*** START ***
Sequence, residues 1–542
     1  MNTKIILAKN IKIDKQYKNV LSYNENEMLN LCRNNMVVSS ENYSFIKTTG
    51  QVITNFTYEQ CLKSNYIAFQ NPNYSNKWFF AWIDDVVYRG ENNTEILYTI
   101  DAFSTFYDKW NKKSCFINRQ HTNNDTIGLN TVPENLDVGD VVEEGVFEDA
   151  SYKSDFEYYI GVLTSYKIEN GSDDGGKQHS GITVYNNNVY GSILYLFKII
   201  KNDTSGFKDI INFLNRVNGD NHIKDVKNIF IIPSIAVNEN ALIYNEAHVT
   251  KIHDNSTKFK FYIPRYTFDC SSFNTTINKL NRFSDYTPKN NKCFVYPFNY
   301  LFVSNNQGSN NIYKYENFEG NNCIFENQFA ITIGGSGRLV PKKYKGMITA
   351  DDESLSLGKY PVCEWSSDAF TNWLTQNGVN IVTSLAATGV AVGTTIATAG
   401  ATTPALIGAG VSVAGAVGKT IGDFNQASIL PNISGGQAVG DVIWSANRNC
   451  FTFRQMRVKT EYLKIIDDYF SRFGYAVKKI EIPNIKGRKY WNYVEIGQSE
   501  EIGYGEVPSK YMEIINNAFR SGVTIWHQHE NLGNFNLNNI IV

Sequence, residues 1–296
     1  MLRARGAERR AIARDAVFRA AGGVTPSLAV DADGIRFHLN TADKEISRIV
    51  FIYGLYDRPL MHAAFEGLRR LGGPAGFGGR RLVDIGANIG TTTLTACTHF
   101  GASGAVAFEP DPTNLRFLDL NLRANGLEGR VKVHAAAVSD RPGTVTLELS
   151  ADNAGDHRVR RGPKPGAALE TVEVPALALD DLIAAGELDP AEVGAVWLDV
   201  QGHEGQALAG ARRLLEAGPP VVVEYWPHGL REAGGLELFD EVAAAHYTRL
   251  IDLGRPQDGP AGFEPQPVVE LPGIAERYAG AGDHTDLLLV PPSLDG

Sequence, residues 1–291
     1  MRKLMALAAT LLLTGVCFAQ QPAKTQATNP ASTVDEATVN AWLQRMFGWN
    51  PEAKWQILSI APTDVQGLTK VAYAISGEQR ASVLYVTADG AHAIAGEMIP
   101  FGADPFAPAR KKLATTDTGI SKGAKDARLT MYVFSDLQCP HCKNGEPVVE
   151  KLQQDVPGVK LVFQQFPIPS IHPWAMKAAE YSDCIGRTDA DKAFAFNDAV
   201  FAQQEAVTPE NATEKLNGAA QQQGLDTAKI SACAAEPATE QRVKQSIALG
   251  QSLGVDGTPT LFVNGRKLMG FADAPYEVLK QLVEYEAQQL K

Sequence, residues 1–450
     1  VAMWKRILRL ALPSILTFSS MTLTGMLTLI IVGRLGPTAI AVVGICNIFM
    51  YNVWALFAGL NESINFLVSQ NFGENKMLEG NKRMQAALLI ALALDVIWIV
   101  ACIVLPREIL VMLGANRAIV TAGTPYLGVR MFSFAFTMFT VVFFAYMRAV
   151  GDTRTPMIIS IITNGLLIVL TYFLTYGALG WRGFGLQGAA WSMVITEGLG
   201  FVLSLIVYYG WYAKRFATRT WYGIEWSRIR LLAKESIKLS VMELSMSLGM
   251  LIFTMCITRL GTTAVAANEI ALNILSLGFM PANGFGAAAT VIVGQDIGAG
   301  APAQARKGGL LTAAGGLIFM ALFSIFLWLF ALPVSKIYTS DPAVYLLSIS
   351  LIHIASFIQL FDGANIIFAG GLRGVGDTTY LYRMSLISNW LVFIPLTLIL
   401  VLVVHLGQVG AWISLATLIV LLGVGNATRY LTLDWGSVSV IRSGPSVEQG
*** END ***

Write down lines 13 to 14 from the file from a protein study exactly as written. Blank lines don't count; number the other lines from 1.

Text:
Sequence, residues 1–296
     1  MLRARGAERR AIARDAVFRA AGGVTPSLAV DADGIRFHLN TADKEISRIV